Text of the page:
The Gzip is the popular compression algorithm to reduce the size of a file with keeping file in original mode, ownership and timestamp. It also known as the
.gz file format. The
gzip utility is used to compress and decompress the files. In this guide, we will show you how to use the gzip command.
gzip Command Syntax
The basic syntax for the
gzip command is as follows:
gzip [OPTION]... [FILE]...
gzip, you can compress single file and generate compressed file for each file. The compressed file will be end with the either
If your requirement is to compress multiple files or folders in to one file, you should first create a Tar archive file and need you can compress the
.tar file with
Usually, the Gzip is used to compress the text files, Tar archives, and web pages. It’s useless to use
gzip for compress images, audio, PDF documents, and other binary files as they are already compressed.
The regular files can be compressed by gzip and the symbolic links are ignored.
Compress Files with gzip
You can compress a single file using the
gzip command followed by the filename:
It will delete the original file and creates a
filename.gz file. Gzip keeps the original file timestamp, mode, ownership, and name in the compressed file.
Keep Original File
If you would like to keep the original file instead of delete after compression, use
-k option with
gzip -k filename
To see the percentage of reduction and the names of the files that are being processed, use the
gzip -v filename
filename: 9.5% -- replaced with filename.gz
Compress multiple files
To compress the multiple files, pass multiple file names as arguments. For example, to compress the files named
filename3, you would run the following command:
gzip filename1 filename2 filename3
As an output the above command will create the three different files named with
Compress all files in a directory
To compress all files in a given directory, use the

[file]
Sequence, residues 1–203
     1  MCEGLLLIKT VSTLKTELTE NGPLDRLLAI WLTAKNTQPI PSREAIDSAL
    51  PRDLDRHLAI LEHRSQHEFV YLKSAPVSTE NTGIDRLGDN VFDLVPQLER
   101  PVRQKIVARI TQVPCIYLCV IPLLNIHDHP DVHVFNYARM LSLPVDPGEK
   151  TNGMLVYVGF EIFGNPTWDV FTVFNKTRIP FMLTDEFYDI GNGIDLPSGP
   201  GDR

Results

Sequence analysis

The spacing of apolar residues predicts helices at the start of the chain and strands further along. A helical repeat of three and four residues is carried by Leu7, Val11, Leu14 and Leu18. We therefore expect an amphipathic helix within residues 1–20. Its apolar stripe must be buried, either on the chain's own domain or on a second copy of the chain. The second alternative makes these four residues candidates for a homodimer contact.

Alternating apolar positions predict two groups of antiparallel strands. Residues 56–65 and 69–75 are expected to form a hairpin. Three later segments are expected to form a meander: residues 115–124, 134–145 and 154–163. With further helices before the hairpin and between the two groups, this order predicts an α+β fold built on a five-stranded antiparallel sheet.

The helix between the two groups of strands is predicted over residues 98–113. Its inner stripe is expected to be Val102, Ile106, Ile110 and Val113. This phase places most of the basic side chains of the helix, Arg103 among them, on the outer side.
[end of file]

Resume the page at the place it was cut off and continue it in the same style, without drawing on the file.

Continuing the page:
gzip -r directory
gzip will recursively traverse through the whole directory structure and compress all the files in the directory and it’s subdirectories.
Change compression level
You can specify the range if compression levels from
9. For fastest compression with minimal compression ratio, you can pass
--fast option. For the maximum compression ratio and slowest compression you should use the
--best option with the
gzip command. By default, the compression level is
For example, for maximum compression, type:
gzip -9 filename
Compression is a CPU-intensive task, the higher the compression level, the longer the process takes.
Using standard input
You can create a
.gz file from the standard input, just pipe the output if the command to
gzip. For example, to generate a Gzip MySQL database backup file, you would run:
mysqldump database | gzip -c > database.sql.gz
The gzip will consider input which is the output of the
Decompressing Files with gzip
-d option, to decompress a
gzip -d filename.gz
You can use the
gunzip command to decompress a Gzip file. This command is basically an alias of
Keep the compressed file
Same as when compressing a file, the
-k option tells
gzip to keep the input file, in this case, that is the compressed file:
gzip -dk filename.gz
Decompress multiple files
You can decompress multiple files in single command by passing the filenames as arguments:
gzip -d filename1.gz filename2.gz filename3.gz
Decompress all files in a directory
-r options to decompress all files in a given directory recursively:
gzip -dr directory
Using Gzip you can reduce the size of a given file. The
gzip command allows you to compress and decompress files. To learn more about the
gzip command, visit Gnu gzip documentation page.
If you have any questions or feedback, leave a comment below.
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